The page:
During the war, the 8.8cm PAK 43 cannon found it’s way in German tanks, like the Jagdpanther. Was gun firstly developed as a weapon of defense in the anti-aircraft roll, in the tank it became a tactic fast moving attack weapon. But the Allies had the armour on their tanks improved and also better anti-tank guns mounted like the British 17-pounder and the American 90mm. But the 8.8cm stayed to the end of the war a horror to the Allied crews in their tanks. During the battles around Caen the gun was terribly effective. Especially when ‘Operation Goodwood’ was launched on July 18, 1944. The German defense destroyed at least 220 British tanks, mainly with the 88’s.

A Flak trainingsunit

The 88’s stayed in the frontline of the Flak air defense. In the progress of the war, the air defense became very accurate, thanks also to radar. In 1942, around 15.000 8.8cm guns were in the frontline of the German air defense. During 1944 3501 American planes fell victim to the anti aircraft fire. Another 600 were shot down by German fighters. In November, 1944, when Merseburg was attacked, 56 B-17’s were shot down or damaged by Flak alone.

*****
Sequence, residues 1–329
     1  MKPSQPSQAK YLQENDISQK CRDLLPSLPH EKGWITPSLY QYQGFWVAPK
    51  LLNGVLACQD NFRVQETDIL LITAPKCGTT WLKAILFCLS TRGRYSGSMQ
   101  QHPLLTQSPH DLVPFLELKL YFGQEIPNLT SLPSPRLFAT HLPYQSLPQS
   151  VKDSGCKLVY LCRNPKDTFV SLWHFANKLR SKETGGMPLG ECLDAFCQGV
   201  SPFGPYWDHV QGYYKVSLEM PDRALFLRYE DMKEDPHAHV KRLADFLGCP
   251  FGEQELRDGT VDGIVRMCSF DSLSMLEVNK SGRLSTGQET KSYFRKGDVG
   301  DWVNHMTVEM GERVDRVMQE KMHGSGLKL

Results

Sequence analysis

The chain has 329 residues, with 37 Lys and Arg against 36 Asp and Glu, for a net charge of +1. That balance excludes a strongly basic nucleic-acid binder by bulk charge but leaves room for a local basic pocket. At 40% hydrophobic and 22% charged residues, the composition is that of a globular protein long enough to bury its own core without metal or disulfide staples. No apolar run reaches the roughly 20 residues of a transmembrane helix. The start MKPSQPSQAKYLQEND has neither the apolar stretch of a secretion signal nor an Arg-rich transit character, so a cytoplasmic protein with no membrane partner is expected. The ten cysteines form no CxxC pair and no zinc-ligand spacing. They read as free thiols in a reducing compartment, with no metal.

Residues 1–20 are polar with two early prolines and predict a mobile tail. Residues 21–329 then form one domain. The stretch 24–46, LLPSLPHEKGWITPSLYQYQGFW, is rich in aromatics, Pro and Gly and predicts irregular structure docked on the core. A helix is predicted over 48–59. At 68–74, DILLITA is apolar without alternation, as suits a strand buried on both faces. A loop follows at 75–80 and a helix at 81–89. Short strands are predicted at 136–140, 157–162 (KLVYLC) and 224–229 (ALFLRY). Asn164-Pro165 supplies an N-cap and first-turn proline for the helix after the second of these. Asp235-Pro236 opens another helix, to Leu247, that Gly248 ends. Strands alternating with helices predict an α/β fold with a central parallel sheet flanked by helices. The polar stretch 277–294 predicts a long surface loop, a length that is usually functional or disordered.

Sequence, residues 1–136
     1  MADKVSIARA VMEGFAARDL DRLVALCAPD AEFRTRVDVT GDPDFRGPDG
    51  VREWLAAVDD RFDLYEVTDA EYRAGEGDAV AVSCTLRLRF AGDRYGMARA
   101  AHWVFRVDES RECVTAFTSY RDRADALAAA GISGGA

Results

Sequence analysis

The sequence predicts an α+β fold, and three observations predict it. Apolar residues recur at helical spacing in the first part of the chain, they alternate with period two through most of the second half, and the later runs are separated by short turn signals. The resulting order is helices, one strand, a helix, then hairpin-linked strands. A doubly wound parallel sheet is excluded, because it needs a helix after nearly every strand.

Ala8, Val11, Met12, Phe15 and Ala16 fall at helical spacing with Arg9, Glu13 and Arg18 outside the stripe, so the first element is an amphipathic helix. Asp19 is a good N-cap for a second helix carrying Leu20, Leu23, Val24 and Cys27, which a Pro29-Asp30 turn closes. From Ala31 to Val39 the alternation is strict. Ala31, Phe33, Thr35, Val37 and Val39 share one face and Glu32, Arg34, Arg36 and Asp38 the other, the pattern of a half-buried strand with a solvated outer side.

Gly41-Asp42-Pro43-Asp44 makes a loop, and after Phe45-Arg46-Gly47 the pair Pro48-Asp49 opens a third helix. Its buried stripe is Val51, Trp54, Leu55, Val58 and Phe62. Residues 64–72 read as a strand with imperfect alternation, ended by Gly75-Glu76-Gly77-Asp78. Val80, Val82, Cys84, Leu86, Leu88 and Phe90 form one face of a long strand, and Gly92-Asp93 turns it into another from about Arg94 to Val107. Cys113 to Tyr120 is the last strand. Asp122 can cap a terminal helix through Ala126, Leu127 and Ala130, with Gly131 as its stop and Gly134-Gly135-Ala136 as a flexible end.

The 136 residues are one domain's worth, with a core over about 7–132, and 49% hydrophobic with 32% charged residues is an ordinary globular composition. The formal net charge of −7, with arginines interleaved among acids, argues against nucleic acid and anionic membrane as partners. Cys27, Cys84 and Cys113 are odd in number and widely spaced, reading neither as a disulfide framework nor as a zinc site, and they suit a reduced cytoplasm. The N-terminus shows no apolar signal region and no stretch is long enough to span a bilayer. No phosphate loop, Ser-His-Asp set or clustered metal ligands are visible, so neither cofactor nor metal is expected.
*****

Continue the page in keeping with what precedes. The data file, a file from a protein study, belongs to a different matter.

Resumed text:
A posed picture with Luftwaffe Flak crew

After the war a lot of the old 8.8cm’s found their way in the armies of the East-European nations. Some of these guns stayed operational until the sixties before the were replaced for Russian anti aircraft missiles.

After the battle, another British plane is added

The picture below shows the decoration given to a successful German Flak unit. For every downed plane there were points to be given. When a crew reached 16 points, the medal, with a 8.8cm Flak gun in the middle, was officially handed over.

The decoration for a successful Flak crew